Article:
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Max (age 5) and Megan (age 6) explore new foods on a Farm to Fork Trail at Tesco

Max Edgar and Megan Carter-Jones

Aged 5 and 6 from Stella Maris School, Didsbury, Greater Manchester

2 May 2017

The Tesco Eat Happy Project helps primary-age children have a healthier and happier relationship with food.

We run Farm to Fork Trails to help children understand more about the food they eat.

Max Edgar, age 5, visited the East Didsbury Tesco store in Greater Manchester, for a Farm to Fork Trail with his Year 1 class from Stella Maris School.

“I tasted the juice from grapefruit and mango and some Asian pear. It was my first time trying an Asian pear. When you bite them they taste like apples and pears at the same time.

We looked around the store. We went into the bakery and saw a baker. He works all through the night to make bread for shoppers in the morning.

We made dough and put poppy seeds and sesame seeds on it. I put my thumb in the middle of the dough and made a hole. It was cooked in a big oven. When it came back we ate the tasty bread.

I really enjoyed it. I’ve never been to that Tesco before. Mum sometimes does the shopping when I’m at school.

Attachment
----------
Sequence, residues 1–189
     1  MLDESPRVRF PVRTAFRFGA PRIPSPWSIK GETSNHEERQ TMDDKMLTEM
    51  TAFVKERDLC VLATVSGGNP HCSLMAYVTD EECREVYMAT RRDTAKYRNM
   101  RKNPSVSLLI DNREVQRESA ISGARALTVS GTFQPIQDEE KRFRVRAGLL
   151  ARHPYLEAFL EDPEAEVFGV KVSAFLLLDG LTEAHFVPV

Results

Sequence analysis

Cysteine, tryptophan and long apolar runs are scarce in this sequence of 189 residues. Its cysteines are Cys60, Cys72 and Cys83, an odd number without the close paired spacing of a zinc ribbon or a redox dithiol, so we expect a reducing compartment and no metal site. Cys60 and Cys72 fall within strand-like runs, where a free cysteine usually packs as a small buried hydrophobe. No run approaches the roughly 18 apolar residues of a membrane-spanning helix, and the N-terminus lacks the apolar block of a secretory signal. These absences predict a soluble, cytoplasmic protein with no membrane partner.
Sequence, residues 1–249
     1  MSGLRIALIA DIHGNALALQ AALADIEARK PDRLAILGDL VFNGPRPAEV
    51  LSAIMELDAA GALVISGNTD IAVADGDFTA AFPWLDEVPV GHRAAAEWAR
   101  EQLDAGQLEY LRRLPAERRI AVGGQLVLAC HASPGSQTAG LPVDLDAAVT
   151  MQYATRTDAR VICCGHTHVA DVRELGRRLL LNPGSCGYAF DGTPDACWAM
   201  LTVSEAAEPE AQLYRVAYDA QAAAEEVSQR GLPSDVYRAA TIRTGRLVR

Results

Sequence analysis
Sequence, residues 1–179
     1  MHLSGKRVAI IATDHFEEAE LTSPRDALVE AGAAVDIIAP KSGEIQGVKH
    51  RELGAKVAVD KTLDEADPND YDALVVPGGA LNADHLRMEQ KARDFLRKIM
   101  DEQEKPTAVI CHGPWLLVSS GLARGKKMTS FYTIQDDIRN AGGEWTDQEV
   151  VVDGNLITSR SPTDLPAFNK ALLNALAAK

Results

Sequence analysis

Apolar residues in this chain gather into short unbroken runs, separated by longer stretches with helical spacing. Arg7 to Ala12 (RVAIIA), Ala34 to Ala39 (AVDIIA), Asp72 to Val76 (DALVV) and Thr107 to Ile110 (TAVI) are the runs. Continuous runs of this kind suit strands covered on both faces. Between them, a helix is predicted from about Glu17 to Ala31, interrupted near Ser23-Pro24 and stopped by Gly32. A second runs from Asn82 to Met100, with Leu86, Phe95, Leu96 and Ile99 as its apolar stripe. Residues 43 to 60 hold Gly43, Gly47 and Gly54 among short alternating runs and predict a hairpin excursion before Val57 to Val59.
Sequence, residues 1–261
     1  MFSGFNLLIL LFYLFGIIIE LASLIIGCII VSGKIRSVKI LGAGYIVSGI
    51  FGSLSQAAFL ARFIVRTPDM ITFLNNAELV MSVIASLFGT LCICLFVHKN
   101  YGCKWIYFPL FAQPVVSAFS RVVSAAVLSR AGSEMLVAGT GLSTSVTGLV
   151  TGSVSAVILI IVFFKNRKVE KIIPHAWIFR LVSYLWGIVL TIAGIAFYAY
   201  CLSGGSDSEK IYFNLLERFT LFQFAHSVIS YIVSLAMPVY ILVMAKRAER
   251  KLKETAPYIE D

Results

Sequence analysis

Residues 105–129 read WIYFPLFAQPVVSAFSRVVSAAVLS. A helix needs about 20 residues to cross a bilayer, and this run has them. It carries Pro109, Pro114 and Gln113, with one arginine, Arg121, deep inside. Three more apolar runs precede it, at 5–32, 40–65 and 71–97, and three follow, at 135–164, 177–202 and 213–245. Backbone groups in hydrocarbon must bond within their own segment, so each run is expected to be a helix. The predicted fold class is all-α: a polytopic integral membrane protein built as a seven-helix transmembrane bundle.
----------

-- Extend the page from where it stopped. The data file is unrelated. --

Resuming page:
But I have been to a little Tesco and a really big Tesco and a medium Tesco. That’s three Tescos.”

Megan Carter-Jones, age 6, visited the East Didsbury Tesco store in Greater Manchester, for a Farm to Fork trail with her Year 2 class from Stella Maris School.

“We looked around the store and saw the huge freezer and fridge at the back of the store.

We looked at cereal box labels to see how much sugar is in each one, then we made our own muesli. We used dried banana, raisins, apricots, oats and flakes. It was lovely.

It made us all think about what we eat. I really enjoyed tasting the different ingredients – especially the dried banana.

The shop is near to our school so we all walked there. It was very interesting and we felt important with our tabards on walking around the store.

We learned a lot in one day.”

The Tesco Eat Happy Project

  • We offer more than 1000 free resources on our website www.tesco.com/eathappyproject. From videos that explain why fruit is good for us to activity sheets that help teachers prepare math lessons with a healthy eating theme.
  • There’s also how-to videos and recipes to help parents and children cook healthy, tasty meals together.
  • All our trails and downloadable resources are free, and we even help with transport costs.
  • Since the Tesco Eat Happy Project began in 2014, 2 million children have been on a Farm to Fork Trail, which aims to help them to have a healthier and happier relationship with food.

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